The Hispanic Malcolm X. Writer. Activist. Civil rights attorney. Obese, dark-skinned, and angry. Man with a surplus of personality. Man of vision. All the above describe Oscar "Zeta" Acosta. El Paso-born, Acosta became a leading figure in the Chicano rights movement of the 1960s and 1970s, winning landmark decisions in civil rights cases as an attorney. As a tireless writer and activist, he had a profound influence on his contemporaries. He seemed to be everywhere at once, knowing everyone in "el movimiento" and involving himself in many of its key moments. Tumultuous and prone to excess, he is the Samoan in Hunter S. Thompson's Fear and Loathing in Las Vegas. In 1974, after a last phone call to his son, Acosta disappeared in the Mexican state of Mazatlán.
Hailed as "a fine, learned homage" (Kirkus), "a kaleidoscopic portrait" (Booklist), and "a game of mirrors" (The Washington Post), Bandido is a veritable tour de force. Through interviews and Acosta's writings (published and unpublished), Ilan Stavans reconstructs--even reinvents--the man behind the myth. Part biographical appraisal, part reflection on the legacy of the Civil Rights era, Bandido is an opportunity to understand the challenges and pitfalls Latinos face in finding a place of their own in America.
Blues for the Buffalo
Manuel Ramos Northwestern University Press, 2004 Library of Congress PS3568.A4468B57 2004 | Dewey Decimal 813.54
Winner, 2013 3rd Annual Latino Books Into Movies Award for Suspence/Mystery
The sun, the sand, a young beauty named Rachel in a white bikini--there's no better way to recover from the aches and pains of your latest case. At least that's what attorney and part-time detective Luis Montez thinks until the woman gives him the manuscript of her novel and vanishes.
Montez just wants to rebuild his Denver practice, but an aggressive young P.I. with an emotional attachment to Rachel draws him in. With the woman's powerful adopted family on one side and unexplained death of a writer friend on the other, Montez digs up a series of long-told lies and long-hidden ugly truths. He also finds himself confronting one of the great unsolved mysteries of recent Chicano history. What happened to Oscar "Zeta" Acosta, the iconic activist-writer presumed dead since 1974? More to the point, what made Rachel insist the legendary Brown Buffalo was alive-and that he was her real father?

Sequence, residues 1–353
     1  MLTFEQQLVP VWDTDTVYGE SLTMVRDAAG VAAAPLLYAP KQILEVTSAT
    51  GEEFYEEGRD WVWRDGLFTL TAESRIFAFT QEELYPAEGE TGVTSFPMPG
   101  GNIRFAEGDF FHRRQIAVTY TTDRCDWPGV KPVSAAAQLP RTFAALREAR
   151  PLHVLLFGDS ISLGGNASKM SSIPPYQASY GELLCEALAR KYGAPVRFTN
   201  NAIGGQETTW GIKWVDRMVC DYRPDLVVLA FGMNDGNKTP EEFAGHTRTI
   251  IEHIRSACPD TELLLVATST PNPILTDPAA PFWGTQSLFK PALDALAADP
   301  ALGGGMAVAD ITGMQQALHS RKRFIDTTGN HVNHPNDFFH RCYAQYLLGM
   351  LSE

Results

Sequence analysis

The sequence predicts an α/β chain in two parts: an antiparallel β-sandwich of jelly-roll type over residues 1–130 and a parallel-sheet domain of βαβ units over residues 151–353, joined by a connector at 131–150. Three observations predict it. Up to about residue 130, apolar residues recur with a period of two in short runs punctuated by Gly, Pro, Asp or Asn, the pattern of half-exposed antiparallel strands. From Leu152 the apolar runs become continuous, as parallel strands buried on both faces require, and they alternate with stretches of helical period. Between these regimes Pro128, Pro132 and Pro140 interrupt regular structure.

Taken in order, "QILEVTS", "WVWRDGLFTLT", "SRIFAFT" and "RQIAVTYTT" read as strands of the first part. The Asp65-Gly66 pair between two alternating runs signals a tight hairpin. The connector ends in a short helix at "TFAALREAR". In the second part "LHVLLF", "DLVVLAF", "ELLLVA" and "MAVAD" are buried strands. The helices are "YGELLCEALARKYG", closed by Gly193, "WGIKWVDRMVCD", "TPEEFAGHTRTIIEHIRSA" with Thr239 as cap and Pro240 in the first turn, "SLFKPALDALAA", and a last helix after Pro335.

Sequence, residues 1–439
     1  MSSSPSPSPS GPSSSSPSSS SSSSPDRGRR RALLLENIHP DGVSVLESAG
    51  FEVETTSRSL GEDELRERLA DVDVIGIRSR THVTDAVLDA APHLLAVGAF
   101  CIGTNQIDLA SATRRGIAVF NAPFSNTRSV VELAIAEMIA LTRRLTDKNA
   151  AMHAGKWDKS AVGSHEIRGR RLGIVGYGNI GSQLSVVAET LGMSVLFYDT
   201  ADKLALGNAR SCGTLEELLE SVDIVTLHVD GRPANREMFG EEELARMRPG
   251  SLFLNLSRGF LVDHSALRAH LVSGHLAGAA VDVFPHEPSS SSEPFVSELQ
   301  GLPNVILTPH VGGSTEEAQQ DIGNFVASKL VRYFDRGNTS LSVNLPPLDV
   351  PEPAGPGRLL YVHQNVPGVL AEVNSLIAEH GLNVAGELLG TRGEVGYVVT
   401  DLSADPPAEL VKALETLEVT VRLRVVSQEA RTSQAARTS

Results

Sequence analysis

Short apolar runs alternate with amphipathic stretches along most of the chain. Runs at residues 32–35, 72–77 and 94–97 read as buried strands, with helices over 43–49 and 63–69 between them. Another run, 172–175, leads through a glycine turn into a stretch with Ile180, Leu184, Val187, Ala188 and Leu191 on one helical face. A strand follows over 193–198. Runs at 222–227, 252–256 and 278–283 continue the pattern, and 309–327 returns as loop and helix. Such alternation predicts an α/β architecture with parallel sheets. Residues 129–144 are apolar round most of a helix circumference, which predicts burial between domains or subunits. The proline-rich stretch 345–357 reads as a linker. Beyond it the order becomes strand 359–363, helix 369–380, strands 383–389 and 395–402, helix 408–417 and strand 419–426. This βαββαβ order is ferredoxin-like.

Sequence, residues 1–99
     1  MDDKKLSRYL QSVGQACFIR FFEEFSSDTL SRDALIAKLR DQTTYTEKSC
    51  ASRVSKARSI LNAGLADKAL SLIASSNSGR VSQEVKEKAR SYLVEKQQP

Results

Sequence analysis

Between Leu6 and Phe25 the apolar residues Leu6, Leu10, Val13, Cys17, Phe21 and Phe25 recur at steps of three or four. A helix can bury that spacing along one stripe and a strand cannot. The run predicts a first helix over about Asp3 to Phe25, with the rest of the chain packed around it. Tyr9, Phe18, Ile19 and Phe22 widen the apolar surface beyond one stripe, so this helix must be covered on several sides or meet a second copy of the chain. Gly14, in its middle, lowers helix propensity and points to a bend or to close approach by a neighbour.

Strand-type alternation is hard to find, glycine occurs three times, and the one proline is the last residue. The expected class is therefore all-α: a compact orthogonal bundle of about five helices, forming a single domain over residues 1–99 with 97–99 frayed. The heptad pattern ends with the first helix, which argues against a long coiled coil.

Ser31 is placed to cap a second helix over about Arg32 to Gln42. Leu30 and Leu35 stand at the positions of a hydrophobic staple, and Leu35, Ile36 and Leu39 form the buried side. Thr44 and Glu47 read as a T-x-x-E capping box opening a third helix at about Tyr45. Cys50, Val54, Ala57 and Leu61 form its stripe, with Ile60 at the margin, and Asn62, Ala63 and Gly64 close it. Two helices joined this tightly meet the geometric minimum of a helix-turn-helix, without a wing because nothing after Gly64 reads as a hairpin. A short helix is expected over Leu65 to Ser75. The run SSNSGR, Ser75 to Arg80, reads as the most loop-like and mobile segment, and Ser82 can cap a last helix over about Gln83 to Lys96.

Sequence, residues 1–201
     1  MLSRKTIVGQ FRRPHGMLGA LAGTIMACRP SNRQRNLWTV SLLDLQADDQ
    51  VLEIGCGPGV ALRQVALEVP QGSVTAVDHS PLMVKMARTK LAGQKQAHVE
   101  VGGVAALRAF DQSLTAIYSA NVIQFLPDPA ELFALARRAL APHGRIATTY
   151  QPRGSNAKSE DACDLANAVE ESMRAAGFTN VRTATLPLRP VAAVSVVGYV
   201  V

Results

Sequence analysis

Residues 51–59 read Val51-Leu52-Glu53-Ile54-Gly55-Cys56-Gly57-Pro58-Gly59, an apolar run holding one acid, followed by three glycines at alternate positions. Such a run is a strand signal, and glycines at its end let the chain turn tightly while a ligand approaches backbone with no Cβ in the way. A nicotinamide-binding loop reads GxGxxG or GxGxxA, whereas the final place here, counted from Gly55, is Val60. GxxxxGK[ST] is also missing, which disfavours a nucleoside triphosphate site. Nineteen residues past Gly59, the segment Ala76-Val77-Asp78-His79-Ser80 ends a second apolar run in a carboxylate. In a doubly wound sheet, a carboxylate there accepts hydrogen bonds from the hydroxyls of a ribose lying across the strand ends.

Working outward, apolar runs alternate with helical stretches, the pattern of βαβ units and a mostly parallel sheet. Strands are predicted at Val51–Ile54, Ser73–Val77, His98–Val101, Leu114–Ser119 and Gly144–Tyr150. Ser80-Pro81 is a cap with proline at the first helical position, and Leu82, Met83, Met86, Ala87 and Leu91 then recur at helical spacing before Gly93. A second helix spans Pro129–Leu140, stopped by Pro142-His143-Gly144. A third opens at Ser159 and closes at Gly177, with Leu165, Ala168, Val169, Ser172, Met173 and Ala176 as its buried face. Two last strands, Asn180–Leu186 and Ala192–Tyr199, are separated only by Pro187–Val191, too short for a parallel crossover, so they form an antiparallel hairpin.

Hailed as a literary relative of Kafka and Poe by his Italian and Cuban contemporaries, Calvert Casey and his enthralling work have until now remained eclipsed in the United States. This collection brings all of Casey’s powerful short stories and a fragment of an unfinished novel to an English-speaking audience for the first time. Exploring the human condition through poetically unique yet torturous views of the mind, Casey was a renegade artist whose work perceives reality as a smoke screen behind which Truth is hidden. He intended his fiction to disturb and subvert standard, plot-driven views of life. Born in the United States, Casey was raised in Cuba and spent most of his life there and in Europe. He chose Spanish as his primary artistic tongue. A member of the intelligentsia surrounding Castro in the early years of the revolution, he was eventually exiled—and in 1969 committed suicide in Rome at the age of forty-five. Although most of his luminous stories are set in Havana, his is not a touristy, picturesque landscape but an often strange and nightmarish theater of human passions, inhabited by figures—silhouettes, really—that live on the edge of normality. This volume, which showcases Casey’s mastery of the skill of indirect and gradual revelation, is the most complete to appear in any language and includes a biographical and critical introduction written by Ilan Stavans, the noted novelist and scholar of Hispanic culture. Readers interested in the art of fiction and in the complexities of the human psyche will find Casey’s work irresistible.
For almost twenty years, Ilan Stavans—described by the Washington Post as "Latin America’s liveliest and boldest critic and most innovative cultural enthusiast"—has interviewed path-breaking intellectuals and artists in a wide range of media. As host of the critically acclaimed PBS series La Plaza, he interviews guests on pressing issues that affect the Western Hemisphere today, asking hard-hitting questions on immigration, religion, bilingualism, race, and democracy. This book collects for the first time in one volume Stavans’s most provocative and enlightening interviews with Hispanics from both sides of the Rio Grande.